Today was supposed to be the big testing day, unfortunately Maverick ate breakfast and lunch and could not be sedated having eaten. We will have him fully tested tomorrow. We did still go ahead with our regular weekly oncology appointment. Maverick's lymph nodes have completely shrunk and his CBC was really good this week. All signs point to the cancer is gone. We will have to wait and see on the results from the bone marrow aspirate, the flow cytometry, and the PARR.


We had all the tests done. Maverick was a good boy during the procedure. He has been feeling well maybe a little tired and agitated. The hardest part about the procedure was not feeding him especially when you know he is so hungry. Luckily tomorrow he will be back on his normal eating schedule. We should hopefully have the results by Friday when Maverick goes back to the Oncologist.

Also, Howie, Dr. Suter, and Dr. Hazzah all touched base today on Maverick's treatment being that we are less then three weeks away from Mavericks transplant date. They decided Maverick should stop in the middle of this week's Cytosar treatment (so he received only 293mg instead of the normal 585mg this week) and receive his high-dose Cytoxan (500mg/m2) with Mesna and lots of Lasix this Friday, the 9th, and then start the Neupogen on Saturday the 17th.

Another exciting thing happened today we were contacted Tracey Peake, who works in the News Services office at NC State. Her office handles media relations for the university. Dr. Steve Suter sent them our email address so that she could contact us about the possibility of media coverage for Maverick's procedure. I am thrilled about this. We had actually tried contacting news sources about this story before. Plus I think Maverick would be great on camera or pictures.


Today was a very uneventful day. Maverick spent most of the day resting and relaxing from yesterday. The were some snow flurries in the middle of the day, he and Ruby enjoyed running around through the flurries and catching them in his mouth.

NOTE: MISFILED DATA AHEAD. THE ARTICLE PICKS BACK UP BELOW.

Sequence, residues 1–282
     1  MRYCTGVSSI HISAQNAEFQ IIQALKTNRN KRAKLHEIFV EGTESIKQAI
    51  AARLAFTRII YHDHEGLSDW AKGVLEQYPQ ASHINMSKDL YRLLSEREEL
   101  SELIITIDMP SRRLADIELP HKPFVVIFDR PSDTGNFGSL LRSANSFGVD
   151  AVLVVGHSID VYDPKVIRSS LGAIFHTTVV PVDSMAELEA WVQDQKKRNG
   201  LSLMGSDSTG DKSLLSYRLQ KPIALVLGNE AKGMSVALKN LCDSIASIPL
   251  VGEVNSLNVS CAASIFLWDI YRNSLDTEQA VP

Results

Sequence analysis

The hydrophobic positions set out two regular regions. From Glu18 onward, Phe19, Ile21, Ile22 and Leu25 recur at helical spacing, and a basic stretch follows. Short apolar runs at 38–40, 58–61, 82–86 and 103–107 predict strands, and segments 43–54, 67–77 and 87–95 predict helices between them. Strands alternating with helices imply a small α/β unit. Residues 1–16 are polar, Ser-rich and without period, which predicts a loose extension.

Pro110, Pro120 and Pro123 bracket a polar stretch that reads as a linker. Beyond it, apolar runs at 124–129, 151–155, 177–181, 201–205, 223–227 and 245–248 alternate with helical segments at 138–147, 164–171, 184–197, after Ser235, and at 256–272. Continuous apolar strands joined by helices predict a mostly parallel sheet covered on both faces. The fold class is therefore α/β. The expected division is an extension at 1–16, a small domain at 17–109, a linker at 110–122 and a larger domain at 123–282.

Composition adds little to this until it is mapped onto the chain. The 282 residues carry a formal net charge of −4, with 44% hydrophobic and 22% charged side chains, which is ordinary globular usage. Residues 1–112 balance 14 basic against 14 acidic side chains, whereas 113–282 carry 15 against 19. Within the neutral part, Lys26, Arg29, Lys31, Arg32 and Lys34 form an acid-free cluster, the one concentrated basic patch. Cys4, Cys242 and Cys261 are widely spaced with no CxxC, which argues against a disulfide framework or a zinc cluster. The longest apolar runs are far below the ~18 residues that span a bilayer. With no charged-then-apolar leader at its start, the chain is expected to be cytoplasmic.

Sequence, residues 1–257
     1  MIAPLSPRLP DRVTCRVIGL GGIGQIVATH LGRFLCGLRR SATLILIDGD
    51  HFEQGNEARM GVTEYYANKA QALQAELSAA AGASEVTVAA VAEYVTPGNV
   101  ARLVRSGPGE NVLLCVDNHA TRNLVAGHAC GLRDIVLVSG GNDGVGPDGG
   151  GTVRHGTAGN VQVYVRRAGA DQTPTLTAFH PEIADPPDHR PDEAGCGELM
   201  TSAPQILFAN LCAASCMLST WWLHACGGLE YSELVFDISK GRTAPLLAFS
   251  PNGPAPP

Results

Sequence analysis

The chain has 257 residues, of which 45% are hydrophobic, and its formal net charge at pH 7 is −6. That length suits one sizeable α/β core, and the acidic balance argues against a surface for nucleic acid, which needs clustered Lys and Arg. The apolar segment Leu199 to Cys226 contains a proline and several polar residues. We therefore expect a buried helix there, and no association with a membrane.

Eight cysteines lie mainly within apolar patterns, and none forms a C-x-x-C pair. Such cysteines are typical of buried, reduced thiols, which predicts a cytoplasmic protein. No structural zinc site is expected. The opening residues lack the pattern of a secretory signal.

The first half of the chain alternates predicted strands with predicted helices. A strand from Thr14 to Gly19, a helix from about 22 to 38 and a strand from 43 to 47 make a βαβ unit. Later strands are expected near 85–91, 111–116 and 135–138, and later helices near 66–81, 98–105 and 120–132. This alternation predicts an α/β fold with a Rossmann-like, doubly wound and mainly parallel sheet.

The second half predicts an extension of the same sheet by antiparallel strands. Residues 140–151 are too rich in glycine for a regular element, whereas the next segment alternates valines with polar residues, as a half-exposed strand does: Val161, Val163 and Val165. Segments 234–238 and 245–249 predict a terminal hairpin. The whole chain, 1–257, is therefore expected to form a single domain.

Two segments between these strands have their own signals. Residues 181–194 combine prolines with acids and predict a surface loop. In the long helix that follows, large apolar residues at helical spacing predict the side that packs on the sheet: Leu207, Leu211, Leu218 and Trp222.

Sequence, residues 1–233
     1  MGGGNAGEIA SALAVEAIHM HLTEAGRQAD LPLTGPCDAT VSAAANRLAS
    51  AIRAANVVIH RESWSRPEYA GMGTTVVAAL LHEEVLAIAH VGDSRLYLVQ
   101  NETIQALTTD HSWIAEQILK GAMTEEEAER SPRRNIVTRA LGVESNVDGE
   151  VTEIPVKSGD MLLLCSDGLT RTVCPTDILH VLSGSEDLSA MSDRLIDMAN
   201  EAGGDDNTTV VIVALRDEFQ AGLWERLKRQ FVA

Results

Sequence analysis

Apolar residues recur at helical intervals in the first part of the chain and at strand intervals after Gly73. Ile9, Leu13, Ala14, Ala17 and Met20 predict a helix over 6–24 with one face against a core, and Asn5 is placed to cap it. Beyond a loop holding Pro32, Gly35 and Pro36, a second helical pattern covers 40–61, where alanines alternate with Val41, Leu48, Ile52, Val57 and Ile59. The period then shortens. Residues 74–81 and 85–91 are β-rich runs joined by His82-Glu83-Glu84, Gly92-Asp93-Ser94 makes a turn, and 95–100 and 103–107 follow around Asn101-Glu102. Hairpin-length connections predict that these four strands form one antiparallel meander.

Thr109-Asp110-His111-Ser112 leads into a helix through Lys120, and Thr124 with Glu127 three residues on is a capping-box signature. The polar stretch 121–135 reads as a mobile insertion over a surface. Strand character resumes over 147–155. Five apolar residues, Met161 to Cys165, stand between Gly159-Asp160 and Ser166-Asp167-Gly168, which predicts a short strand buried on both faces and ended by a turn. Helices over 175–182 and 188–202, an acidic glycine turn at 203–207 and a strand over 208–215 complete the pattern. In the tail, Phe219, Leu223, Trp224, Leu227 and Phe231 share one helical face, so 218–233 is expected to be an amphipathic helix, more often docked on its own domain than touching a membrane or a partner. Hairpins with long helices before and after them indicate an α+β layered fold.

Today Maverick had a big day at the Oncology center. He had a high dose of Cytoxan as well as Mesna and Lasix. He peed for the first two hours almost constantly but then seemed fine. The only other change was mild lethargy. He also really just wanted to lay on the floor rather then the couch or bed.

We also got the results of the Bone Marrow and Blood work from Antech. The results were good overall, initially we were disappointed that they were not perfect and cancer free. But that is truly an unreasonable expectation. We are still waiting on Flow Cytometry and PARR results.

Today we received a call from a women named Evelyn who saw our flier and has a Weimaraner Zack, whom she rescued. Zack is about 7 years old so he very well maybe a sibling or half sibling of Mavericks. Evelyn said she would see what paper work she has for Zack. Howie will call the ACA to see if Zack is a sibling tomorrow.


Maverick is still feeling well today. We had a little scare last night when we realized his Lasix pills had expired but the confusion was all worked out this morning thanks to Maria (the computer pulled the wrong lot number when they filled the prescription). We really appreciate all her help. The plan for the day as well as the weekend is to stay home and relax. The Lasix are still making Maverick go to the bathroom a lot and with the bone marrow transplant so soon, we cannot risk anything. He just needs to rest and stay healthy. As for Howie and myself, I do no think we have ever been more tired and stressed in our entire lives. But of course, Maverick is totally worth it.

A big snow storm is supposedly headed our way. When it does snow I will definitely get the dogs out to play. They love snow, especially Ruby. Her new thing is laying in it.

Evelyn called back today to say she could not find any papers on Zach. Howie called the ACA but they were closed. Evelyn e-mailed us a photo of Zach. Zach is a near spiting image of Maverick so we decide to have his blood drawn to see if he is a match. They plan on doing this early next week.


Today we got up and it was a winter wonderland. Fresh snow or so we thought until the dogs were slipping and sliding trying to go to the bathroom. They didn’t seem to mind that much. While Howie was shoveling they were laying in the snow chewing on rawhides and it was so cute. Maverick also wore his new jacket for the first time in the snow.

We received an e-mail this morning from a woman named Brittany who has a weimeraner named Apollo. I love the name Apollo for a Weim by the way. Apollo is 9 months old, so most likely he is not a match. Also they are from North Carolina and I would assume most of the dogs are living in Illinois because that is where they were purchased. But we e-mailed her back to get some more information. Either way it is so nice that Brittany wanted to help, we really appreciate it.